Radar devices which ‘sweep’ the crossing and check whether it is clear have now been installed at many locations, and the concept has been a major success in fully automating the operation of full barrier crossings which are now known as obstacle detected, or simply ‘OD’, crossings.
One obvious limitation to this method of obstacle detection is that the camera or sensor needs to operate reliably in all light conditions, including fog and falling snow. It must also not be ‘fooled’ by harmless obstacles such as paper or cardboard which may be blown onto the crossing. As a result, new methods of obstacle detection are being evaluated for the next generation of OD crossings, including video analytics.
Systems that use video analytics may provide other benefits, such as generating data on the users of the crossing to feed into automatic risk-analysis systems. This will enable the identification of any changes of usage pattern of the crossing being automated, subject to data protection and privacy requirements.
Sunday markets, new housing developments, school bus routes, or even satellite navigation algorithms, can all change the risk profile of a level crossing. Currently, it can be difficult to identify any changes in use without expensive traffic surveys, and even then these will only provide a snapshot in time. The use of ‘big data’ systems is an area which is becoming very important for railways to help manage assets and risks, and to target interventions and resources.
The introduction of light emitting diode (LED) technology has improved both the light output and the reliability of lights associated with level crossings. They were first introduced for use as barrier boom lamps, as the vibration when the barriers were raised or lowered affected the life of the traditional incandescent lamps. The benefits of LEDs have also been successfully migrated to the road traffic light signals (Wig-Wags), replacing the traditional 36-Watt incandescent lamps.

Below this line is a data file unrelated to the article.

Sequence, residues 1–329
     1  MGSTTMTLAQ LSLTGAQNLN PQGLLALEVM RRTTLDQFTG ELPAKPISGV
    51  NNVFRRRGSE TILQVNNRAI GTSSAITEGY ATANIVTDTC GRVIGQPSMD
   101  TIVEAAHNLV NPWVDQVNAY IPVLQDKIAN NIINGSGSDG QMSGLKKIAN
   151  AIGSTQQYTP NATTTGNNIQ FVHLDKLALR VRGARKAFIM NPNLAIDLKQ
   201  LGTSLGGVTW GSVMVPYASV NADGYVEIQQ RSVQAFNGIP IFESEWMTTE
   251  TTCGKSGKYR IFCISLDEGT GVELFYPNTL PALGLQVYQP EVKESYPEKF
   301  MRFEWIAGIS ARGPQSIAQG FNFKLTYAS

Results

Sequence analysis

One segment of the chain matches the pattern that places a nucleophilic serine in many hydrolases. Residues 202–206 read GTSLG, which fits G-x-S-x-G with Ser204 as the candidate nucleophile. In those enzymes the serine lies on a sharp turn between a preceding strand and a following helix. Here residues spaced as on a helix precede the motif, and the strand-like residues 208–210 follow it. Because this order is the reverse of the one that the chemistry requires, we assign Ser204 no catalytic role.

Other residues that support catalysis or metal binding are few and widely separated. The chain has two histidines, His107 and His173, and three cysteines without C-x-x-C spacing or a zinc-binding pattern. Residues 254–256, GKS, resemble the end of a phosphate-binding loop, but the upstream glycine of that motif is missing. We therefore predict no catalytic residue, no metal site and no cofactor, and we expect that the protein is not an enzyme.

The sharp on-off of an LED’s light output, compared with the rise-fall of a traditional incandescent lamp, led to changes to the flasher drive and the proving circuitry of the light, as LEDs require less current to operate. The reliability of LED technology is now so good that there may be more failures caused by proving circuitry rather than by the LED unit itself.
Automatic Half Barrier (AHB) crossings
Since AHB crossings were introduced by British Rail in the 1960s, there have been a number of changes to the design. Currently, they are not used across more than two tracks and the speed of trains over an AHB crossing should not exceed 100 mph.
Trains should not normally arrive at the crossing in less than 27 seconds after the amber lights of the road traffic light signals first show, with at least 95 per cent of trains arriving within 75 seconds and 50 per cent within 50 seconds.
There is no limit to the amount of road traffic but the carriageway on the approaches to the crossing should be sufficiently wide to enable vehicles to pass safely, with the road layout, profile and traffic conditions such that road vehicles are not likely to become grounded or ‘block back’ and obstruct the railway.